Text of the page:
A German chases Nazis in ‘The People vs. Fritz Bauer’

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Burghart Klaussner plays a Nazi hunter in “The People vs. Fritz Bauer.” | COHEN MEDIA GROUP

The line between patriotism and treason is a fuzzy one in “The People vs. Fritz Bauer,” a German drama and almost-thriller about the prosecutor who helped bring Adolf Eichmann, one of the architects of the Holocaust, to justice.

Bauer was a Jewish-born civil servant who opposed Hitler’s rise in the 1930s and then emigrated to Denmark to escape the Third Reich. He returned to Germany after the war and became a district attorney with a sideline as a Nazi hunter — although not a very successful one, at least not at first.

In director Lars Kraume’s film, Bauer (Burghart Klaussner) is already weary from the fight. Sporting an Einstein-like shock of white hair and horn-rim glasses, he wheezes and coughs as he berates his underlings for their lack of progress in finding fugitive war criminals, knowing full well that the intelligence apparatus of the new Federal Republic is packed with former SS officers who have no interest in seeing Eichmann name names on the witness stand.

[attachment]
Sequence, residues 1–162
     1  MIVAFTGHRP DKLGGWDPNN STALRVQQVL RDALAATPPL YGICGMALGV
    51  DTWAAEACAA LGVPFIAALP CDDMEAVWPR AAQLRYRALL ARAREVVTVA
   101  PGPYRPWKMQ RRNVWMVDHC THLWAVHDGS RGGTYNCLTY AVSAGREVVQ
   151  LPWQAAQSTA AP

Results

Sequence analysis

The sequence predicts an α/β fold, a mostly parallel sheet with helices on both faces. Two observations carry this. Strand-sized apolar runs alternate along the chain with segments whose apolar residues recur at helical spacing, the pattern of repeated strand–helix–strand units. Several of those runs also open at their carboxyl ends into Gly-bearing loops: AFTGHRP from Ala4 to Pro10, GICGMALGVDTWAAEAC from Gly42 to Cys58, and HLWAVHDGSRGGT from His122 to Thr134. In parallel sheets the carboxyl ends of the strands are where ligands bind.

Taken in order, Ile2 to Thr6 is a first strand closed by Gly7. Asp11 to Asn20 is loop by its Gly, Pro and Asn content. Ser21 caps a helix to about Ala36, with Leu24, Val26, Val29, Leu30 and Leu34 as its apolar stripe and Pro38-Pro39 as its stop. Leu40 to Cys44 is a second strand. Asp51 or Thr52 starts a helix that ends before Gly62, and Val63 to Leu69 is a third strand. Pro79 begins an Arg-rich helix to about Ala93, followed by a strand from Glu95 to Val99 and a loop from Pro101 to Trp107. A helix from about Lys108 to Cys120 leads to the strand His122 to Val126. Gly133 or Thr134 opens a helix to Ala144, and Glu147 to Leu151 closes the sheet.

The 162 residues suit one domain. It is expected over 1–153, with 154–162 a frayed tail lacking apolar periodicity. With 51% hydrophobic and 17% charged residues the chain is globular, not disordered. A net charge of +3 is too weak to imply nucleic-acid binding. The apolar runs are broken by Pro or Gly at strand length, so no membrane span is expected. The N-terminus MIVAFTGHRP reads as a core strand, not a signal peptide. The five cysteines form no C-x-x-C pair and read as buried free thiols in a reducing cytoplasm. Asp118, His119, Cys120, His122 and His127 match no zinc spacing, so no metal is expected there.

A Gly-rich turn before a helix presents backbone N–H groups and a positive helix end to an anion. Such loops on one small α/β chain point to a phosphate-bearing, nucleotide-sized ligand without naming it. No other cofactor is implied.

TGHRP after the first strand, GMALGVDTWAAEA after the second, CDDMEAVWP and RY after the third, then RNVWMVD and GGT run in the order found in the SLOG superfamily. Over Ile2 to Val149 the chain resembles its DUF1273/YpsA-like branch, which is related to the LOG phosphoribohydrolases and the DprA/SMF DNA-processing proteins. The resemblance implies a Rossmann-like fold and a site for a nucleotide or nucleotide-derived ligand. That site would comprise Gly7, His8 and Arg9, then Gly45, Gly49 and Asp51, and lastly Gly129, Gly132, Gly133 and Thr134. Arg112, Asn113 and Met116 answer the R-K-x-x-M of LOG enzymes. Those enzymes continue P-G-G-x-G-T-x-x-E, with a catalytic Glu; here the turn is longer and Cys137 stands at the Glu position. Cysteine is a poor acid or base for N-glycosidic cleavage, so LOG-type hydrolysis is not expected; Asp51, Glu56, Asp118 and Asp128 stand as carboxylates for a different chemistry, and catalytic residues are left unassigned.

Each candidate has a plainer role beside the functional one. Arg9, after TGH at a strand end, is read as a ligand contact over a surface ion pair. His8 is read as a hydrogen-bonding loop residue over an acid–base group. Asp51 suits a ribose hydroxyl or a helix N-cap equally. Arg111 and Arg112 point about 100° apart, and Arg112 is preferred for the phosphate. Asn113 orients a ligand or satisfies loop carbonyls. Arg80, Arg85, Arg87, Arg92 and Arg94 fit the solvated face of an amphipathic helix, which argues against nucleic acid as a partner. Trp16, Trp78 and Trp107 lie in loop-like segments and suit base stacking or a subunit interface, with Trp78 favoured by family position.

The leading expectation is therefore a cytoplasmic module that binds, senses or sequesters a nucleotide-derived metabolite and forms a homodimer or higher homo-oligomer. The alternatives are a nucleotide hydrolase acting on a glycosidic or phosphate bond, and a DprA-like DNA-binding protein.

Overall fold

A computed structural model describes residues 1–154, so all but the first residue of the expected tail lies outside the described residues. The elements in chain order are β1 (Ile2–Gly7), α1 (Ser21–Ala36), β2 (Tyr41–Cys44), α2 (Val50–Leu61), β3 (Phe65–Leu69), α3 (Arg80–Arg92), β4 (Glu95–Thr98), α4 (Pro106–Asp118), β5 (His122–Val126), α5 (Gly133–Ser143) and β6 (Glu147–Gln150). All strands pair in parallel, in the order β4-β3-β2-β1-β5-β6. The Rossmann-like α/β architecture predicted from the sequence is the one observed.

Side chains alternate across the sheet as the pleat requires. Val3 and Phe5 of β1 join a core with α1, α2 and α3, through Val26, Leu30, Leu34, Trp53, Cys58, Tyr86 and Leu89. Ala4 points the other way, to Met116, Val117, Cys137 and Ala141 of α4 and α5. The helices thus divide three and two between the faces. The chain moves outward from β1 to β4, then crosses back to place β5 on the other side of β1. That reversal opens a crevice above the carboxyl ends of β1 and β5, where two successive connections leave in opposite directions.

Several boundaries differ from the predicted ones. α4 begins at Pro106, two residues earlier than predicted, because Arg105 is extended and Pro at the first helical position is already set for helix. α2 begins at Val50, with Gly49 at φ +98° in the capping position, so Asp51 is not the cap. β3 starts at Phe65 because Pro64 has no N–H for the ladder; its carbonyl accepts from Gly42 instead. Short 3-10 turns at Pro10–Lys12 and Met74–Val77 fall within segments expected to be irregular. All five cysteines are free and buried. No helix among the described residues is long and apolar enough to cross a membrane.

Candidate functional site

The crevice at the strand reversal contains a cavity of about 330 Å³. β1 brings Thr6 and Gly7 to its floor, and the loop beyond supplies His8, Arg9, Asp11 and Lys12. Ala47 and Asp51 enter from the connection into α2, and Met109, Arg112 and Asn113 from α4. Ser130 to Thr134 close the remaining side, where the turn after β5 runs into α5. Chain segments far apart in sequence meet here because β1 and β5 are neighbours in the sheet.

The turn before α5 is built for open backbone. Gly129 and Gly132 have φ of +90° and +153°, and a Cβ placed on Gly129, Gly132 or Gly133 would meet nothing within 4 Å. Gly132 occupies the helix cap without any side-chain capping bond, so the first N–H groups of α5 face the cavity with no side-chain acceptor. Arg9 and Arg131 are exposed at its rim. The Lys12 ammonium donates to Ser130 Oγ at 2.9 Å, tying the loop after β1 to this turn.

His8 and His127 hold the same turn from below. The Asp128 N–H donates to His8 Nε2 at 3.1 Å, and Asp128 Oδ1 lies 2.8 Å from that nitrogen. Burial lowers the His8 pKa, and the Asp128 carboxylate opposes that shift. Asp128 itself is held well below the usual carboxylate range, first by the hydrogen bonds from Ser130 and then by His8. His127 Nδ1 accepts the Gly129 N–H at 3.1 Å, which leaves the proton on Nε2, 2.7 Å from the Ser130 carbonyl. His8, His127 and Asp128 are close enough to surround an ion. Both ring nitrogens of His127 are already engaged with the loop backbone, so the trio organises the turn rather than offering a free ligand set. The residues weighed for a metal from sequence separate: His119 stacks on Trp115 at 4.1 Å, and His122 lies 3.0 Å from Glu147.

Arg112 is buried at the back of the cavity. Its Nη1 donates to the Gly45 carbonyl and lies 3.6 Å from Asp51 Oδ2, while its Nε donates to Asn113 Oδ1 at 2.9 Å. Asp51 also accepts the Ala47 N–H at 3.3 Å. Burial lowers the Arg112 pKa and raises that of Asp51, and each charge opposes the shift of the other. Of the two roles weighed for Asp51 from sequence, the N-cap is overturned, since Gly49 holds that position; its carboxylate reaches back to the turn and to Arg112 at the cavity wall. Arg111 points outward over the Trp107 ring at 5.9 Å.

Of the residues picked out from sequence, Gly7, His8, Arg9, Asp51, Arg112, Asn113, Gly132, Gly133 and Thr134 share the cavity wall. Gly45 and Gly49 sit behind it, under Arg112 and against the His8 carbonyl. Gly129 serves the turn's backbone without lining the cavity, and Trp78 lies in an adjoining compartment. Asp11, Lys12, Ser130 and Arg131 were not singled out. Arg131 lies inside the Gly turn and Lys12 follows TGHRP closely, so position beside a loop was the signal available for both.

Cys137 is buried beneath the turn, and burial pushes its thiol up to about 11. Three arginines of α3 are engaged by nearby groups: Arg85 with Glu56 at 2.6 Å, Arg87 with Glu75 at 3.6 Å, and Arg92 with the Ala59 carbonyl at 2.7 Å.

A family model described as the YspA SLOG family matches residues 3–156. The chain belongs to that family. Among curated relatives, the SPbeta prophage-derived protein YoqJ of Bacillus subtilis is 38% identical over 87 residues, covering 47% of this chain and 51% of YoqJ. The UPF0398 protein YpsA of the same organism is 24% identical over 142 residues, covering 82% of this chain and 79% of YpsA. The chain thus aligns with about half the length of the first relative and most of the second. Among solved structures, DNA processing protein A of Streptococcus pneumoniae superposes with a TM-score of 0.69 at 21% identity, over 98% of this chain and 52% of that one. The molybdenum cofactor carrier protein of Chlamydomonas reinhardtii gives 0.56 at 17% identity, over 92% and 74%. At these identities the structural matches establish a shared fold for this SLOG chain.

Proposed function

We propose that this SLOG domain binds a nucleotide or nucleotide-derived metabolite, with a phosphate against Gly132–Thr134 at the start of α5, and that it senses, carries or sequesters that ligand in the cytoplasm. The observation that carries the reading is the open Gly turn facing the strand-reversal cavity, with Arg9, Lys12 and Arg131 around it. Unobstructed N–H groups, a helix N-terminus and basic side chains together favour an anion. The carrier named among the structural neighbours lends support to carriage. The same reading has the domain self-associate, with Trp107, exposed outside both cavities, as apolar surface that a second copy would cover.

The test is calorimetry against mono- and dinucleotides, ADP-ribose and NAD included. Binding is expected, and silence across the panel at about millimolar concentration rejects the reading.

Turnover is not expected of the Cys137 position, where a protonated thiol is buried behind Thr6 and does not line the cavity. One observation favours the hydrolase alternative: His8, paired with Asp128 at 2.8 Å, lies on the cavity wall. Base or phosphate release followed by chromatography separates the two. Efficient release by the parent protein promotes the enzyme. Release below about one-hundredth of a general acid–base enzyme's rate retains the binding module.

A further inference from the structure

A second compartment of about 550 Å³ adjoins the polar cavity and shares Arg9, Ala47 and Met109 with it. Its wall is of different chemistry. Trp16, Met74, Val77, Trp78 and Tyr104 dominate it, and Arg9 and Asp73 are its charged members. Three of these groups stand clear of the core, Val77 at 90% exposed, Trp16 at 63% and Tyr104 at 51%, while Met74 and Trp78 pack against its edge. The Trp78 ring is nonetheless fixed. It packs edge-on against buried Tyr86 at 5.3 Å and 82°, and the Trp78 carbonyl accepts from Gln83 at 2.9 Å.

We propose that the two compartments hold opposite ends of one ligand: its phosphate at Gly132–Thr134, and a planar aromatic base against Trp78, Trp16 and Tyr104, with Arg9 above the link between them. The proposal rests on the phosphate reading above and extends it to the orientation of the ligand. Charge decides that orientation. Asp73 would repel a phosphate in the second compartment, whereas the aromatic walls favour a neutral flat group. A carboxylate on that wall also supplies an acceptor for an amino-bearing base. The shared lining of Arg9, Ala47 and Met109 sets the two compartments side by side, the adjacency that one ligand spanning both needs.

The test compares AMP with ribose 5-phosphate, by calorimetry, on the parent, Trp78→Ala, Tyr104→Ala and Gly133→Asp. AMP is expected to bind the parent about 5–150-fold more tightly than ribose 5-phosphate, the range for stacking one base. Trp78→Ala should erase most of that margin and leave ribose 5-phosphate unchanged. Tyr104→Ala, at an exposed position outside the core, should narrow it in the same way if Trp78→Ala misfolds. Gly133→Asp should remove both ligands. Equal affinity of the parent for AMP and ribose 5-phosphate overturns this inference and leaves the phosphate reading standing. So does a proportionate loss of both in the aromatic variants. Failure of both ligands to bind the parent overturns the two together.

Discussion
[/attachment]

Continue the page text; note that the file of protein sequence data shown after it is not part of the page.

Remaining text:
So when he gets a tip that Eichmann is hiding out in Argentina, Bauer decides to turn to the only ally he can trust to get his man: Mossad, the Israeli spy agency. It’s an act of espionage that could land him in prison.

There’s some mildly suspenseful cloak-and-dagger stuff involving former Nazis conspiring to expose Bauer as a traitor (and as a homosexual), but the movie is less concerned with tradecraft than it is with the moral reckoning that postwar Germans had yet to make with the horrors of their recent past. Thus the central conflict is internal as Bauer, as well as a trusted lieutenant (who is also in the closet), must decide what price they are willing to pay to stay true to their convictions.

It’s a compelling portrait both of Bauer and of a fraught moment in German history. But from the vantage of the present, the issues — and the characters — seem pretty black and white. If “The People” has something to say about what patriotism means in 2016, those are dots that the viewer must connect.


Cohen Media Group presents a film directed by Lars Kraume and written by Kraume and Olivier Guez. In German with English subtitles. Running time: 105 minutes. Rated R (for some sexual content). Now showing at AMC River East and Landmark Renaissance Place in Highland Park. 

Kerry Lengel, USA TODAY Network

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